There’s the ability to connect locally with a small group: they say that the human mind can sort about 150 individuals in a category, so evolutionarily, we probably had tribes and groups living together that were primarily under 150 people (for a long time at least), and when it began to grow, there became divisions within the groups. Because if you can only have 150 in a category and you have 300 altogether, you’re going to have to have at least two categories, maybe three or four, for every way of looking at it because you can’t put more than 150 in a group. So you have 150 people in the group that are loyalists, and the other 150 must be questionable, something like that.

So the need to identify as a member of the tribe was originally all that was required. The idea of being in a tribe and having sub-categories and things like this is something that came up later. Although if you knew of other tribes, such as other species like our human tribe versus dog tribe or wolf tribe (whatever happens to be), you would be aware of that already, but you probably can only keep track of 150 different species. So if you start to run into a place where there are 3 or 400 different species, you’d have to create broad categories for things and just lump them together (that sort of thing), at any rate.

The idea of connection is very important. It’s through connections with others that we access our connection with the universal self. So part of the human condition is the desire to connect on a larger, broader scale than even the individual family. The idea to reach out beyond, to be even more inclusive, and to have better connections, we see this in teenagers and in people in their 20s. How they’re making extra family connections,   they’re making friendships and partnerships, and other types of relationships. These parts are all part of our growth as humans, and they continue to be important: so isolated people probably are less healthy than those that are well connected also. Obviously people’s life spans are enhanced by strong connections.

So this is all the way it works on the outside. On the inside, as we’re living our lives in isolation. We tend to think in loops, in circular types of thinking. We have the same kinds of ideas. They may be stronger or weaker at different times, but it’s not until we start to connect or increase our connections and make new connections that the ideas and thoughts that our mind is revolving around can shift and be enhanced through that shifting. I suppose they could also be distracted or something like that, but you wouldn’t necessarily want to make strong connections with those that are not enhancing your thinking.

So, in a way, it’s like if you’re taking a vitamin or eating nutritious food you should make friends with people who have healthy, similar ideas. That kind of connection would be good, even just the kind that says “Hey, I support you, I’m here, I think you’re doing good.” Just some sort of encouragement is also helpful from the outside.

Now this is not the same as the self-affirming individual, but you can still be a self-affirming individual and have connections that are also affirming, self-validating even. A self-validated individual be validated on the outside as well? It’s certainly feasible. One self is very similar to another, alright.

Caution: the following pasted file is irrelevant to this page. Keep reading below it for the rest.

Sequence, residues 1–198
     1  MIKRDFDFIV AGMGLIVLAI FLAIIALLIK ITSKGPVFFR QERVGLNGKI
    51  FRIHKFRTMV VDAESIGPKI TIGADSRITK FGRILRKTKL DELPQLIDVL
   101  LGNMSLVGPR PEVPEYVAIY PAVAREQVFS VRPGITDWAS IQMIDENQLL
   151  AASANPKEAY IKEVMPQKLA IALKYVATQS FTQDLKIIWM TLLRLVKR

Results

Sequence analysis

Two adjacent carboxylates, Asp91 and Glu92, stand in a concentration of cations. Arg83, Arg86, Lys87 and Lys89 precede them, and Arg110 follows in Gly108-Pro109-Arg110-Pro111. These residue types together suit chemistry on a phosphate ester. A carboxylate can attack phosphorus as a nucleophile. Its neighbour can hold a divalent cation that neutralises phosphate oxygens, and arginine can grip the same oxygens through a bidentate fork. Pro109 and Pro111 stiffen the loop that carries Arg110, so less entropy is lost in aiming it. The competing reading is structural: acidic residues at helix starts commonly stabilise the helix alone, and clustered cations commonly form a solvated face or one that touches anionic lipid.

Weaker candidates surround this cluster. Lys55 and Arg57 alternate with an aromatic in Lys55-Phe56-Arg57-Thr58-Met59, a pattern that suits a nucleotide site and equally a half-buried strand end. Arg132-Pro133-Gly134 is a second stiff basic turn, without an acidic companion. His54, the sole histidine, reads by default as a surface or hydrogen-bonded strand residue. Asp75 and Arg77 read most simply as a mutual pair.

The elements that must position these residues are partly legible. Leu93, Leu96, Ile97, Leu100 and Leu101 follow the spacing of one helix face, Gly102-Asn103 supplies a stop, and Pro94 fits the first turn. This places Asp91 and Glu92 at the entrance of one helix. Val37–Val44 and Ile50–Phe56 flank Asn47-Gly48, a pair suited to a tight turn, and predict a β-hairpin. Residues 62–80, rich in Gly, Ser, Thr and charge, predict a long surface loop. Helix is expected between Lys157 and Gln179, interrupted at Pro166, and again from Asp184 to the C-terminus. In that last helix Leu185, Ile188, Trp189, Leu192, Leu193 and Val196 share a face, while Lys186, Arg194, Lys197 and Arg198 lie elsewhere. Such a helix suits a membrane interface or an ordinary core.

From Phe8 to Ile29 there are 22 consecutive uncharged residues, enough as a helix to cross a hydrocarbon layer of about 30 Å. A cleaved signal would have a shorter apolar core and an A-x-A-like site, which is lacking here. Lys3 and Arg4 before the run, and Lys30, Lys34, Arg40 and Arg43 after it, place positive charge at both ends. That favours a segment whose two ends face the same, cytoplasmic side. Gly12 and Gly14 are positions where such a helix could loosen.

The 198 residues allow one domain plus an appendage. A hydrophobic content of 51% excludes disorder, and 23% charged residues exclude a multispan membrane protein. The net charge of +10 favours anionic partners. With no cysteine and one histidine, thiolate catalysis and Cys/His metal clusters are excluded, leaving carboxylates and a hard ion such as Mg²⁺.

The Eastern world has a stronger idea of the group or the society and this group’s needs, and the societies have been precedent over the individual. They have stronger tendencies in those ideas and those beliefs than in the West. In the West, the individual and the individual’s accomplishments carry a lot more weight. The West has been able to accomplish certain things with this philosophical approach that the East has not. However, it can easily be pointed out that the East has accomplished certain things that escape the West. The West is unable to really grasp what’s going on. The Western medicine has no idea why acupuncture works or what some of the herbal remedies are that the East uses with great success.

But we’ll go on to what the subtleties are and why the West has such a challenge with certain subtleties and that they simply are unable to work with information that requires considering a certain amount of subtleties. It’s a shortcoming, however, they are certainly able to accomplish an awful lot with the approach that they do have and so there are some advantages to each. However, it’s time now that we should consider the Eastern and the Western approaches together and develop a more functional idea of what is happening in the world.

I recently listened to a talk about social justice. Social justice is very important for the same kinds of reasons that when we have a breakdown internally. When we reject part of ourselves, we kind of set our inner world up so that part of us is looked down on and shunned and made small and abused and ignored. Many people have this if they feel that, for instance, their sexual notions are inappropriate. I can’t say that they’re not, but what I can say is that the idea of taking the internal world and dividing it against itself reduces one’s ability to function at full energy, it’s just apparent.

The same thing happens in the outside world. If there’s part of us that we’re neglecting and ignoring and allowing to be weak, say financially, emotionally, and morally, if we just accept and allow this to continue without going in there and working with it and at least acknowledging it, bringing it, and considering how to work with it and what to do about it, if we’re just allowing it to be like a wound festering, then we’re going to have to fight that illness and continue on with what we’re trying to do.

So if what we’re trying to do is to find a way to facilitate a verdant, healthy, just planet, people’s as well as the rest of the living network on the earth. We are going have to accept who we are to ourselves and to each other and we’re going to have to heal.